Finding Equal Footing on Deck of a Sailboat

America 3's all-woman crew was all set to set sail Thursday off the coast of San Diego, to race against Cap'n Dennis Conner's boat in the 29th America's Cup.

Good morning and welcome to Wide World of Gender Benders.

The opening race in the defender series was postponed by bad weather, but I wonder if anybody truly appreciates what a precedent this all-female crew sets in international sport.

Men against women.

It doesn't happen in basketball. Doesn't happen in football. Doesn't happen in tennis. (Mixed doubles only semi-counts.) Doesn't happen in boxing. Doesn't happen in swimming. Doesn't happen in track. Doesn't happen in field. Doesn't happen in skiing, wrestling, body building or rhythmic gymnastics.

Individuals do compete. Young girls have infiltrated Little League and high school football. Grown women have steered horses in the Kentucky Derby and cars in the Indianapolis 500. There is a woman goaltender in pro hockey. Women run with men in marathons, but maintain their own classification--a women's winner is crowned along with a men's winner.

But this, this is a team sport. This is the longest-running competition in our nation's history, a boat race that dates to the mid-19th Century.

Back in 1851 when the Royal Yacht Squadron sponsored a regatta around the Isle of Wight, the thought of an all-female crew would have been as absurd to them as a female attorney general.

Only the boat was called she.

Not any more, boys. Sixteen women, skippered by Leslie Egnot, have come to do battle against men--no gimmicks, no handicaps, no head starts.

Making this a great week in the history of American women.

Or, as Egnot said on the eve of what was to be America 3's first race, "I still have to pinch myself that this is really happening."

This is not Billie Jean King beating a retired tennis player twice her age, or Martina Navratilova being permitted to use the doubles lanes against Jimmy Connors. This is fair and square, us against them, and may the better people win.

Of lesser importance, there was a baseball game last summer between a women's professional team called the Silver Bullets and a men's team made up mainly of retired major leaguers. (The men won big.)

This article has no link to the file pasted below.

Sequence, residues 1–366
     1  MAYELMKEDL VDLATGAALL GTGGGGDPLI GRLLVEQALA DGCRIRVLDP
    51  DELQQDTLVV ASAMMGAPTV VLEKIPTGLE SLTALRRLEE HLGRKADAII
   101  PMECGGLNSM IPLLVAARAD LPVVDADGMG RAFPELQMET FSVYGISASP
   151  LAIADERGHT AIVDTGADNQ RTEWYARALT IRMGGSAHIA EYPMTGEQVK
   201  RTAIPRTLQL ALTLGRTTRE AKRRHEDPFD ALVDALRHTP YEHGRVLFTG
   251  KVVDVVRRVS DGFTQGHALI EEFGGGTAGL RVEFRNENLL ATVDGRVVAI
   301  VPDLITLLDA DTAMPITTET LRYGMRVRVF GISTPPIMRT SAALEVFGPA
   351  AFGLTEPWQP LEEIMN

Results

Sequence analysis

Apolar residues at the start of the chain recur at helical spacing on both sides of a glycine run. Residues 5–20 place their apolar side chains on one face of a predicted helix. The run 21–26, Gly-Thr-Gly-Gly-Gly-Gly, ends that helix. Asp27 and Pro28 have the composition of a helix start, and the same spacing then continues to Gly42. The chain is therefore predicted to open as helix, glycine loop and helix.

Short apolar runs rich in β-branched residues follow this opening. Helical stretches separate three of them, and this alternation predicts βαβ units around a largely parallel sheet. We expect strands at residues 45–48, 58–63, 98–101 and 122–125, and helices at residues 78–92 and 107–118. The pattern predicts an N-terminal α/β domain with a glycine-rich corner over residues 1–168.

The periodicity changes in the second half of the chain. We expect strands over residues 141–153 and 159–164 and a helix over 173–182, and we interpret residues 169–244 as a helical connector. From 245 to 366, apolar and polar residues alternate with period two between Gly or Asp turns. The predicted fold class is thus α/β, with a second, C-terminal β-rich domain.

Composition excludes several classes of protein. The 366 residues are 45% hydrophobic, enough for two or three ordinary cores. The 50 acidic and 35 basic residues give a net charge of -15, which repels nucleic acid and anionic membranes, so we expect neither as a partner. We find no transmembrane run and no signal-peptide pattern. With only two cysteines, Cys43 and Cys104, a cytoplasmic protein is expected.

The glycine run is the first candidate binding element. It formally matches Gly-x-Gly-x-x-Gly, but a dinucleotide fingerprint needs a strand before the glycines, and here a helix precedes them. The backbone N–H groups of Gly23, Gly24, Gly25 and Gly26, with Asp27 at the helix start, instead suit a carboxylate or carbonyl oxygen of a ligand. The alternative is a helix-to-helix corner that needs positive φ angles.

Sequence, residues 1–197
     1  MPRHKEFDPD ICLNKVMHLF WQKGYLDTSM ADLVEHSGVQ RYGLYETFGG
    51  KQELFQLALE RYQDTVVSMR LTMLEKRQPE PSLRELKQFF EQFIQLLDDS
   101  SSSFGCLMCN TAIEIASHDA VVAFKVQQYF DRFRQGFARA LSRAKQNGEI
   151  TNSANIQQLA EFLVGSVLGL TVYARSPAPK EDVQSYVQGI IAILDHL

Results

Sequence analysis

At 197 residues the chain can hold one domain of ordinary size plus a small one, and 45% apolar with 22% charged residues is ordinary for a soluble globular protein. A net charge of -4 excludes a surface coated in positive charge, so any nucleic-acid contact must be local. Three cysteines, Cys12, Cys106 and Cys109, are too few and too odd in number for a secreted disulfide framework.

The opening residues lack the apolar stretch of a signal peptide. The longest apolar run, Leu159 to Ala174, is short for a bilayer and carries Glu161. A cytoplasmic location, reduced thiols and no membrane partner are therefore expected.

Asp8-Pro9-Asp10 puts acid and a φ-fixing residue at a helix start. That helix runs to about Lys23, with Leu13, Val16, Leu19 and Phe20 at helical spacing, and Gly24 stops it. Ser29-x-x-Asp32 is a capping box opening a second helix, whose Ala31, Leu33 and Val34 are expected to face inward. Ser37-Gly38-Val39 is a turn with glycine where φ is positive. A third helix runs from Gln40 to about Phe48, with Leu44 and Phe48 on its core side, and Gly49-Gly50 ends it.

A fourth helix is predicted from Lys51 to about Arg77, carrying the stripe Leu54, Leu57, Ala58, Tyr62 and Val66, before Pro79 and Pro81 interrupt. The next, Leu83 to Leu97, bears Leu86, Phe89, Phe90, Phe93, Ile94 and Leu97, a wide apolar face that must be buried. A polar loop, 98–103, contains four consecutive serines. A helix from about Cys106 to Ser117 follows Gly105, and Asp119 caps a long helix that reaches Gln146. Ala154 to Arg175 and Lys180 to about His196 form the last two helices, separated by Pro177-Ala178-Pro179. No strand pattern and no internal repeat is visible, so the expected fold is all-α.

Other than that, the only legitimate gender-bender competition I can recall has been on an individual basis--Janet Guthrie and Lyn St. James driving in Indy races, or Diane Crump, Patricia Cooksey, Andrea Seefeldt and Julie Krone riding horses in the Derby, or those Alaska sled-dog races that Susan Butcher has won.

There is pairs skating in the Winter Olympics, but so far I don't recall two men skating as a couple against two women.

There are women boxers, but none yet who has gotten a shot at George Foreman.

But how many teams of women get a shot like this?

What we are seeing with America 3might not be seen again for some time. For how many team sports are there in which women will be given an equal chance?

Maybe a bobsled team. Or a bowling team.

But in our lifetimes, will we ever see a professional women's basketball team playing against a team of men, making man-to-man defense an obsolete concept? Or a women's relay team running against the men at the Olympics? Or women's baseball teams in a league not of their own?

Bill Koch was the man who gave his support to the idea of an all-women's crew at the America's Cup, after having won the last Cup himself. He is to be commended.

There was a time in America when such a notion would have been scoffed at as a publicity stunt.

Jokes would have been flying about the women: (a) Telling the crew to be sure to wipe their feet; or (b) Giving advice to Dennis Conner on how much of that white cream to apply on his nose; or (c) Asking the official committee to come up with another name for those things out bobbing in the water, those buoys.

But Cap'n Egnot and her crew are serious seafarers. Egnot sailed in the Summer Olympics. So did her hand at the wheel, J.J. Isler. Many of their crew have sailed in major races around the globe.

There are actually 32 women in America 3's crew, alternating in 16 assignments. They had no trouble finding qualified sailors, that's obvious.

A woman once told me that the only time women appear on the covers of national sports magazines, something bad has happened to them--Monica Seles being stabbed, Jennifer Capriati being arrested, Mary Pierce being abused. Or else the women are wearing swimsuits.

These women actually go into the water.

Put them on the cover.


The historic opening race of the defender series, Dennis Conner and his crew against an all-women's team, was delayed at least a day because of a severe winter storm. C9

More Mike Downey

* For a collection of recent columns by Mike Downey, sign on to the TimesLink online service and "jump" to keyword "Mike Downey."

Copyright © 2019, Los Angeles Times
EDITION: California | U.S. & World